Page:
The finding of this study did not show any significant difference in the wife's education, religion, states of origin, income, parity, abortion, age at first delivery, oral contraceptive use, and family history with breast cancer ( P >0.05).

This study revealed that the mean age at menopause was 44.92 years in cases and 44.44 years in controls. In the present study 52.9% of cases and 47.9% of controls had attained menopause before the age of 45 years.

A significantly higher proportion of breast cancer cases 80 (69.6%), were living with spouses than controls 186 (85.7%), ( P = 0.0001) and others were either widows, divorcees or separated. Sixty-five (56.5%) patients and 150 (69.1%) controls lived in urban areas ( P < 0.02).


 » Discussion Top


Breast cancer is associated with various factors. In this study, we found a significant difference between breast cancer cases and controls in relation to marital status, place of residence, occupation, BMI, and breast-feeding.

The mean age at diagnosis of cases was 47.73 years. 58.3% of cases and 61.3% of controls were <50 years of age. Other studies reported 33% of women with breast cancer were less than age 50 years at the time of diagnosis. [11],[12] Women between the ages of 20 years and 29 years accounted only 0.3% of breast cancer patients. [1]

In our study, the mean age at menarche was 14.25 years among cases, 14.24 years among controls, and no significant difference in breast cancer risk by age of menarche was found. In a study, 50% subjects had the age at menarche >13 years. [13] A similar finding was reported in another study. [14] Early age at menarche is associated with increased risk of breast cancer and there appears to be a 20% decrease in breast cancer risk for each year if menarche is delayed. [15],[16]

Studies reported that women who began menstruating at an early age (before age 12) and those who reach menopause after age 55 years had an increased risk of breast cancer .[17],[18] Buchholz et al. found that the age at menarche was negatively associated with breast cancer risk regardless of Estrogen and Progesterone Receptor (ER/PR) status. In comparison with women who had menarche before the age of 12 years, later age at menarche (at least 14 years) was associated with an approximately 40% reduced risk of breast cancer. [19] The variations observed in different studies could be due to the difference in the socio-demographic, geographical, and lifestyle factors.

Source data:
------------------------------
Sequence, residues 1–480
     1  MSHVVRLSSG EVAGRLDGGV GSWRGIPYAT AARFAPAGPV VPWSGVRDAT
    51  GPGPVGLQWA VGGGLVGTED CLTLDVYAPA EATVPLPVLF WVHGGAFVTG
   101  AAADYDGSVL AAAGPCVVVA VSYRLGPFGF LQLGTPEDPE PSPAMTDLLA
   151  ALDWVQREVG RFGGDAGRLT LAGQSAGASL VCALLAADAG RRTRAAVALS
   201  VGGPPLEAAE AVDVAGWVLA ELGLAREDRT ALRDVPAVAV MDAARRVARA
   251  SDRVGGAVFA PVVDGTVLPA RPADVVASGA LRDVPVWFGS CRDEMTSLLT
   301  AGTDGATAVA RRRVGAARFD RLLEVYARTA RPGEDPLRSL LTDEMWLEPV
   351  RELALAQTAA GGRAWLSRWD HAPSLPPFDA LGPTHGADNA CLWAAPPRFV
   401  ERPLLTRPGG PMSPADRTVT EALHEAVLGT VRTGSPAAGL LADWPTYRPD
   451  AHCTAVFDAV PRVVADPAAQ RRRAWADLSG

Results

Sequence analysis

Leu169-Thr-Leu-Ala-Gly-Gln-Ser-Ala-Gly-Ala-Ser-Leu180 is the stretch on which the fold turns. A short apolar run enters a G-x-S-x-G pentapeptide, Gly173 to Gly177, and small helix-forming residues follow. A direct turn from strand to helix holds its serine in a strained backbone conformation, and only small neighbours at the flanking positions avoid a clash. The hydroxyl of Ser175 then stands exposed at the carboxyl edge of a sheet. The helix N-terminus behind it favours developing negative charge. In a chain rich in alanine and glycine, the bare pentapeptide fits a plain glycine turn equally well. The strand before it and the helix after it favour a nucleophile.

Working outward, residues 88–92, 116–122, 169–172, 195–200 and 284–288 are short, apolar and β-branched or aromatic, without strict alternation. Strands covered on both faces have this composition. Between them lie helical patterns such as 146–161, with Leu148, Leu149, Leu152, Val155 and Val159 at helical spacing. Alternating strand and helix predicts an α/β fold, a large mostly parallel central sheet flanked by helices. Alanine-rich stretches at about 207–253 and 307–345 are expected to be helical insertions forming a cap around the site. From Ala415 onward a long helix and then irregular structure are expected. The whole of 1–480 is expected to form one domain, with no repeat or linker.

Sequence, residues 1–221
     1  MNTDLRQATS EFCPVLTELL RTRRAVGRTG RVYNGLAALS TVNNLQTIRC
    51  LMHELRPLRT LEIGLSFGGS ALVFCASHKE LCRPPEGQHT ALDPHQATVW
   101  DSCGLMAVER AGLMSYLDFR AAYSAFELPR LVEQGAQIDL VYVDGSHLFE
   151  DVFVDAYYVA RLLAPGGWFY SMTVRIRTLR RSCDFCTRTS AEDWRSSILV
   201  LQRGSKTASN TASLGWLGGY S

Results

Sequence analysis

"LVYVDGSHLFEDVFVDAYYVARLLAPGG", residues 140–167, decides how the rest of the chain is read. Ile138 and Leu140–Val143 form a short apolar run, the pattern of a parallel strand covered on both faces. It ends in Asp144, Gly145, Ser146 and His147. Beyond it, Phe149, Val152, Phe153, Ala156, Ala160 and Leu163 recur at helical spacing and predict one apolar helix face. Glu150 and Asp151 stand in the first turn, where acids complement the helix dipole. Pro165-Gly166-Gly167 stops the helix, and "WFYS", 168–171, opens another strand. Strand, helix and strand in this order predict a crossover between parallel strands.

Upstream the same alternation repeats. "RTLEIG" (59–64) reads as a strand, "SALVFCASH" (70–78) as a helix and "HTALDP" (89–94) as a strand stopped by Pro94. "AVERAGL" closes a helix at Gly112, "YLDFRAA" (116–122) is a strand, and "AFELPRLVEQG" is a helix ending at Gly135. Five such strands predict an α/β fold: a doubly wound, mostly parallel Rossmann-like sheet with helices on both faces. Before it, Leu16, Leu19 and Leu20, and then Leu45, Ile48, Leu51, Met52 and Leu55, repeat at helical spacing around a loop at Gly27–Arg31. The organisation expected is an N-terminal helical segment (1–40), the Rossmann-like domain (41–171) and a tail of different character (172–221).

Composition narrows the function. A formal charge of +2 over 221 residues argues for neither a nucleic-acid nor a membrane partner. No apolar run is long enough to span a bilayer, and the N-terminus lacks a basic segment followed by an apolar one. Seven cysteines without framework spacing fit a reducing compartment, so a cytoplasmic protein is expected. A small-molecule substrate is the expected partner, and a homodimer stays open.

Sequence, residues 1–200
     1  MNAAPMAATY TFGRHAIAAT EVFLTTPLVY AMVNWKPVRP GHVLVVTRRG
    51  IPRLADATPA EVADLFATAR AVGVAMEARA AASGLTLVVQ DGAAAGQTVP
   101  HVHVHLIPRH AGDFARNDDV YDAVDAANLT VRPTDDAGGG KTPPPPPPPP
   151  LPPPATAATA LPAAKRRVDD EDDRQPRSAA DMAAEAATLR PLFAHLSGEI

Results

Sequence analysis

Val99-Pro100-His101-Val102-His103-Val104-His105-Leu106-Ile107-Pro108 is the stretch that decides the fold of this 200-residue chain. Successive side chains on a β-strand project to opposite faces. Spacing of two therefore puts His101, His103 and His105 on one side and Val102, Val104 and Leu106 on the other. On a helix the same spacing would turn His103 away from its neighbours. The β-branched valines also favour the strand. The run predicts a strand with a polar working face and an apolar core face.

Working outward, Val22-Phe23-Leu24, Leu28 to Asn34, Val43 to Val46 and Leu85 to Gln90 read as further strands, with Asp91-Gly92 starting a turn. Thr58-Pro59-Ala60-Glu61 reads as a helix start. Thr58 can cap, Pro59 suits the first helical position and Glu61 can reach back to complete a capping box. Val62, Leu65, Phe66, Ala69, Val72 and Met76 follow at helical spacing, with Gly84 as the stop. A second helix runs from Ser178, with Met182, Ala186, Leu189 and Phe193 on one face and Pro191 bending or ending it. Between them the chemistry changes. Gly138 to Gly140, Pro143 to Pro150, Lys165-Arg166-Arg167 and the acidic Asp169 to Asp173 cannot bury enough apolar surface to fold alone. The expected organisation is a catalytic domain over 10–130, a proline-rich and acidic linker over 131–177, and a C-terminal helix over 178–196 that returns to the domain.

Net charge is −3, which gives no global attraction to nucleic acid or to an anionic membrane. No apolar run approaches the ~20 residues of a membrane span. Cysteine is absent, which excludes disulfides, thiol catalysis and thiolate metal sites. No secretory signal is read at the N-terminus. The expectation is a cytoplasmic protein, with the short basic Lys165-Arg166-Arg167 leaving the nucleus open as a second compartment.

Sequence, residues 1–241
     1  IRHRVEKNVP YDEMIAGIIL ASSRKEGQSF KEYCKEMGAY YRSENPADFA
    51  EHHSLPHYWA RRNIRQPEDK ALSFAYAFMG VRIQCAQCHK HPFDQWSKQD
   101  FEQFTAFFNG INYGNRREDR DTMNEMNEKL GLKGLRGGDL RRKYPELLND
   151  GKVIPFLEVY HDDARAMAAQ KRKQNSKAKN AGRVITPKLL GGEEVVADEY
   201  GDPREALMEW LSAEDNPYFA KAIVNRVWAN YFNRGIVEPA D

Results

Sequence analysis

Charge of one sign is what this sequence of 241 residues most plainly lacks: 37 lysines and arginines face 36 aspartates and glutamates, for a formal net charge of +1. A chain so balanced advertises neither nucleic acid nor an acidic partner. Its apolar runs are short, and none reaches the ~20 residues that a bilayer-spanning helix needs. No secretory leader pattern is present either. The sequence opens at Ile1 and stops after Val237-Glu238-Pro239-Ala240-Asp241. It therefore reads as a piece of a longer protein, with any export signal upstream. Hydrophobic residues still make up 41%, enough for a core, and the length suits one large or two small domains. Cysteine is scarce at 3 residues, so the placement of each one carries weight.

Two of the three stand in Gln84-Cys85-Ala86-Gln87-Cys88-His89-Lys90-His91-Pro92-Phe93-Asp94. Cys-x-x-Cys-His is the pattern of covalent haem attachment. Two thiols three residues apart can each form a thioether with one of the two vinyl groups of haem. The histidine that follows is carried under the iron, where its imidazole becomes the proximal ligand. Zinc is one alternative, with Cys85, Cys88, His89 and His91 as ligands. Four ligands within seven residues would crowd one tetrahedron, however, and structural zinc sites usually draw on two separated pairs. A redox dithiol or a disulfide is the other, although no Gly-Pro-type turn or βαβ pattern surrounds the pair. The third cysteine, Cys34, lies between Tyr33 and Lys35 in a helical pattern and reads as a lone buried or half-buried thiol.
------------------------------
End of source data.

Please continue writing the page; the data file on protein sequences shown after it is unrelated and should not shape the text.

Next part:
In the present study, religion, state of origin, parity, abortion, oral contraceptive uses, and family history of breast cancer did not show any significant association with breast cancer. Study by Gajalakshmi et al. showed that breast cancer risk factors significantly modified the effect of Hormone Replacement Therapy (HRT) on breast cancer risk, particularly first-degree family history of breast cancer, higher age, lower education, higher body mass index (BMI), and nonuse of oral contraceptives (OCP) during lifetime. [18] Many studies have not confirmed an overall excess risk associated with use of oral contraceptives, but a number of studies have suggested that long-term use of oral contraceptives is associated with a higher risk for early onset of cancers, usually those occurring before age 45 years. [20]

In this study 49.6% of cases and 56.2% of controls had Body Mass Index (BMI) in the range of 18.5 - 24.99. 30.4% of cases and 27.6% of controls had BMI in the range of 25 - 29.99 and 13% of cases and 4.6% of controls have BMI =>30. BMI was significantly higher among the cases than controls ( P =0.02). A study reported that the increased BMI (OR=1.33, 95% CI: 1.05-1.69 for 25.0-29.9 kg/m(2) and OR=1.56, 95% CI: 1.03-2.35 for 30+ kg/m(2) were associated with pre-menopausal breast cancer risk. The data support the hypotheses that increased anthropometric factors (Body mass index (BMI)>25.0 kg/m(2), waist size >85 cm and hip size >100 cm) are risk factors of breast cancer in India. [21] Body size influences breast cancer risk differently in premenopausal and postmenopausal women; higher weight is associated with a lower risk of premenopausal breast cancer, whereas risk is reported to increase with BMI in postmenopausal white women. [22] Weight control may reduce the risk among postmenopausal women. [23]